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Ghostwatch: 25 Years On

Article in the New Statesman (October 2017)

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The New Statesman has published an in-depth look at Ghostwatch on the occasion of the 25th anniversary of its one and only airing.

‘Ghostwatch: the Halloween hoax that changed the language of television’

Interesting titbits such as Jonathan Powell, controller of BBC1 at the time, deciding on the wording of the continuity announcement used into the programme

But it was Powell who insisted that the drama tag and the credits be applied to Ghostwatch just two days before transmission. “Richard and Ruth thought that if we did that, people would miss out on the joke they were playing,” he says. “I vividly remember saying, ‘You can’t do this.’ Richard was pushing the line, if not overstepping it completely, to try and get the thing past.” He also styled the continuity announcement to make the fictional element clear: “A Screen One presentation, a film…”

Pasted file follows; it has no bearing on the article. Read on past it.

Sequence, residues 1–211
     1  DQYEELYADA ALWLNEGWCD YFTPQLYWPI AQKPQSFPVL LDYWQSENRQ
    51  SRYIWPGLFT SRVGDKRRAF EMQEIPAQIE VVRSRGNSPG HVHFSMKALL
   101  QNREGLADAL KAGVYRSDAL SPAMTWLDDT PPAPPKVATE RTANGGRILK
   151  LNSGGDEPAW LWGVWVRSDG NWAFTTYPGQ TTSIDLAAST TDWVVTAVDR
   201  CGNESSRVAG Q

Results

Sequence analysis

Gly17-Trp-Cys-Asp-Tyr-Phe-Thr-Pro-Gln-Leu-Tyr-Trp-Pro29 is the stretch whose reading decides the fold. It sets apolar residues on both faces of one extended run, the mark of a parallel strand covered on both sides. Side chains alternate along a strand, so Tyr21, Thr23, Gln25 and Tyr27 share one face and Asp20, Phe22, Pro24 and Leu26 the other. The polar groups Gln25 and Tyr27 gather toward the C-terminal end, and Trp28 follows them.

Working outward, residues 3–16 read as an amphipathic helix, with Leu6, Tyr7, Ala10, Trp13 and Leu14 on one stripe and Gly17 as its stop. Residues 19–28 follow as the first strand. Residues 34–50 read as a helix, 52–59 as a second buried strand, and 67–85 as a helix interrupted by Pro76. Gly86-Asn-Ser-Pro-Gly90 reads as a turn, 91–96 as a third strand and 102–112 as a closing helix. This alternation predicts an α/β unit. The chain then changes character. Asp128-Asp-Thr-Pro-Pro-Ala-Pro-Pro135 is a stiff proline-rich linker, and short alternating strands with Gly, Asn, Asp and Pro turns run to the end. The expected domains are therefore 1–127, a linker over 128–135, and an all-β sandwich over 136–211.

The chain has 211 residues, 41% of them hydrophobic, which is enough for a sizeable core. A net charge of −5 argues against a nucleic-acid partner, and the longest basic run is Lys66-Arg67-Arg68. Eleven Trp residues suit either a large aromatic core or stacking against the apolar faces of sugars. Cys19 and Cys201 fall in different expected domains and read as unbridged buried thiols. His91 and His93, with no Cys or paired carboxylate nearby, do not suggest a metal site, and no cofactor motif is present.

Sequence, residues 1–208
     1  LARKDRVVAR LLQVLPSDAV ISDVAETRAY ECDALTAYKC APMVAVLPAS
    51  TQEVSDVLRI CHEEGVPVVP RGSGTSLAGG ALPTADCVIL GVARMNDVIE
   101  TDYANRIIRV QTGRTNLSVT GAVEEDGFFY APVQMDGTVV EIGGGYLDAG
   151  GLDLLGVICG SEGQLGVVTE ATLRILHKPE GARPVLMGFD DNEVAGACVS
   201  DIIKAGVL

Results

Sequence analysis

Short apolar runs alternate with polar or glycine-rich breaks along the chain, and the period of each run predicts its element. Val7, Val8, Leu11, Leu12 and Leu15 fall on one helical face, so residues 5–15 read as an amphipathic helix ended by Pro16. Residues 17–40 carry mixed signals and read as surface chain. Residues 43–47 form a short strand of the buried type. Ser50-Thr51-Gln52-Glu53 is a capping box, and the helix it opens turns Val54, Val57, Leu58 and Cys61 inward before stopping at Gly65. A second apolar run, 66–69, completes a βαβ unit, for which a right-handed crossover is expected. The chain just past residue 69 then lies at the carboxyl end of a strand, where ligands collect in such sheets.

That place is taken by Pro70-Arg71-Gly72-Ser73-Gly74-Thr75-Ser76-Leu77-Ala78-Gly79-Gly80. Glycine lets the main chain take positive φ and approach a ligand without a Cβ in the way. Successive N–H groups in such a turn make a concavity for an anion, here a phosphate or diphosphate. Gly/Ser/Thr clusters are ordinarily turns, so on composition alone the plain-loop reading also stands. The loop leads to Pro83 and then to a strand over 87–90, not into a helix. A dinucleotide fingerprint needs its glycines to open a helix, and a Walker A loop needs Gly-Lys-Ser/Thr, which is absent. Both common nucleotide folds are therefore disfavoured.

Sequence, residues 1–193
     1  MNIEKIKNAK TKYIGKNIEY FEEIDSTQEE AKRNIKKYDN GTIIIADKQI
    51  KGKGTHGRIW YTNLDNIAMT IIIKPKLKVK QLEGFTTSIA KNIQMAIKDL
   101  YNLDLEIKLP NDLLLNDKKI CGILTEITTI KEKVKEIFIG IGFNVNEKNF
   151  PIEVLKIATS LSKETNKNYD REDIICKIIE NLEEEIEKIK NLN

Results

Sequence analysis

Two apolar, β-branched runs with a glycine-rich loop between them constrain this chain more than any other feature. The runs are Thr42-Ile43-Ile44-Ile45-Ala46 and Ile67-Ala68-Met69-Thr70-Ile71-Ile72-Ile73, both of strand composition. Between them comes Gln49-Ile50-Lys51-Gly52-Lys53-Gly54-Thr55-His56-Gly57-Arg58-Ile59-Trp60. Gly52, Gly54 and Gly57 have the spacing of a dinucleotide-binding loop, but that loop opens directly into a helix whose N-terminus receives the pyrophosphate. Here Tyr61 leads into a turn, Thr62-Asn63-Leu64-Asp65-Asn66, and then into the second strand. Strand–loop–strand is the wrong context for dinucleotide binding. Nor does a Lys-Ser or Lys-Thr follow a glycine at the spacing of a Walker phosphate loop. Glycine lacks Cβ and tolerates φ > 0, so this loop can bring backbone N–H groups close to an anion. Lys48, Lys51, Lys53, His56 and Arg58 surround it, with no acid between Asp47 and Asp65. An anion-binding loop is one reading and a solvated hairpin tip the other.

and the BBC still don't like talking about Ghostwatch

This month, a planned Ghostwatch item on The One Show, to be hosted by Sarah Greene, was dropped when the editorial policy department vetoed it.

“The BBC were really embarrassed by it,” says Jonathan Powell. “Anything like that would put the kibosh on it being celebrated. There was a feeling that they should shove this one in the vaults and lock it away.”

EDIT: fixed wrong link. sorry!
Last edited by VMPhil on 20 October 2017 6:44pm
thegeek Founding member
Here's the pres from before/after the programme: